3. During the suspension period, in the course of preliminary inquiry conducted by the respondent, it came to the fore that certificate submitted by the petitioner in support of her qualification as Class 8th pass issued by the Headmaster, Middle School Kachhuwa, Yogipara, Darbhanga, Bihar, was a forged document. The date of passing of 8th class by the petitioner was shown as 10.02.1988, whereas the study of 8th class was started in that school only in the year 2007. Letter dated 18.11.2009 was sent by the Secretary to the State Government, Department of Human Resource Department, Bihar, Patna to the Resident Commissioner, Bihar Bhawan, New Delhi in this regard.

4. Pursuant to the aforesaid, letter dated 07.12.2009 was issued to the petitioner to present her clarification as to why necessary disciplinary action should not be initiated against her regarding her act of submitting forged educational certificate as proof of her academic qualification, thereby procuring state government job in a fraudulent manner and also indulging in act of misconduct.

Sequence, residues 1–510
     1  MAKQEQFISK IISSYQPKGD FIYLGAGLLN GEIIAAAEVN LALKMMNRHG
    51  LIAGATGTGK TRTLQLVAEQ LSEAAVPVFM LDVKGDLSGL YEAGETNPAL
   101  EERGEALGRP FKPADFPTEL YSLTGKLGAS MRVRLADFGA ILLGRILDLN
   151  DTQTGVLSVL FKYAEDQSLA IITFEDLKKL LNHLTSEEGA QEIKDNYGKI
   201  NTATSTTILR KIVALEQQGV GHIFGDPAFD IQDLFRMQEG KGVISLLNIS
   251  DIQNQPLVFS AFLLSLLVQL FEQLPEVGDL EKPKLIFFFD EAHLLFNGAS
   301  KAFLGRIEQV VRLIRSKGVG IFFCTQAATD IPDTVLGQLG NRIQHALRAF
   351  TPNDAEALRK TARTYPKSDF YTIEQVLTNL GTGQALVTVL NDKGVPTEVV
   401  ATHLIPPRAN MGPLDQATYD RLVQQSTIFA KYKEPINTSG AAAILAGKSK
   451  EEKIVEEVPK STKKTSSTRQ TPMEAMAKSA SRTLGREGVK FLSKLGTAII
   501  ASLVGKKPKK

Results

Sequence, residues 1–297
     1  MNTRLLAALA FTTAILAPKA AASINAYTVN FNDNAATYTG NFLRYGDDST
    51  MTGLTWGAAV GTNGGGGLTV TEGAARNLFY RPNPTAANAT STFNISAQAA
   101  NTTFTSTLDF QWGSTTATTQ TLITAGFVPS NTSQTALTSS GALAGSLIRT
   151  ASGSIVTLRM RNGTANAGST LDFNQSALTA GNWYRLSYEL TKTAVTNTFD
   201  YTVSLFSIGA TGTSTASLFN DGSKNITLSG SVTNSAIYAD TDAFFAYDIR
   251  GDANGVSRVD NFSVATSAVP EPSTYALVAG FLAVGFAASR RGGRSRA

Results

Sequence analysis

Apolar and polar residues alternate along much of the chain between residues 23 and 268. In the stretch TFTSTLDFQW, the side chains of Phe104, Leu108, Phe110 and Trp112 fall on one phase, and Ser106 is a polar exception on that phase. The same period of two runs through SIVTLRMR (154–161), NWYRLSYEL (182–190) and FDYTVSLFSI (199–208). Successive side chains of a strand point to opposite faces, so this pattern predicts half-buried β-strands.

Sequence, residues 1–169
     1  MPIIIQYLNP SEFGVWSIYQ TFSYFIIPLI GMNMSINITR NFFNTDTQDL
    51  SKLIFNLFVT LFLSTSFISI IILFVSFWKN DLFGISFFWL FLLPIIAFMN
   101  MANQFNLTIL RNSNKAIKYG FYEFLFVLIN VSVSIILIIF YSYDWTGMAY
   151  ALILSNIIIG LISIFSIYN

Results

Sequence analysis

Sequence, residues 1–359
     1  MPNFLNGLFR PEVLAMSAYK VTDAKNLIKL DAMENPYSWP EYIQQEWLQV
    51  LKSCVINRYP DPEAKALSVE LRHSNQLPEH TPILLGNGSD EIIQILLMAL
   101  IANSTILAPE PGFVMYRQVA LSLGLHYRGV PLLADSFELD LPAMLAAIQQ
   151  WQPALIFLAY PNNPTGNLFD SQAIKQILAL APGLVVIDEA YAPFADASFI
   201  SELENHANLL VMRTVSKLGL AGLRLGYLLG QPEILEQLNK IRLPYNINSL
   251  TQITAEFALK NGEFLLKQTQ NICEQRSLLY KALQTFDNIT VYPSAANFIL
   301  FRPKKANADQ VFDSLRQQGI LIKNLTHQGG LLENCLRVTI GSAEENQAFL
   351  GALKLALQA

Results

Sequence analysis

5. Subsequently, departmental proceedings were initiated against the petitioner vide office order no. 173 dated 15.02.2011 on the allegations of submission of forged educational qualification certificate by the petitioner. Charge sheet dated 27.02.2011 was issued, to which the petitioner submitted her reply dated 03.06.2011. 6. Thereafter, Inquiry officer was appointed who duly conducted the inquiry qua the allegations against the petitioner. By letter dated 07.06.2011, the Inquiry Officer submitted his report. In his report, the Inquiry Officer held that the charges against the petitioner were proved. He held that the petitioner failed to prove that her educational certificate was authentic.

7. Thereafter, show cause notice dated 13.07.2011 was issued by the respondent to the petitioner to show cause as to why she should not be punished with maximum punishment. In reply, by her letter dated 21.07.2011, the petitioner sought forgiveness. Subsequently, by letter dated 28.07.2011, she requested for time to file her detailed defence. The petitioner thereafter submitted a detailed representation dated 19.08.2011.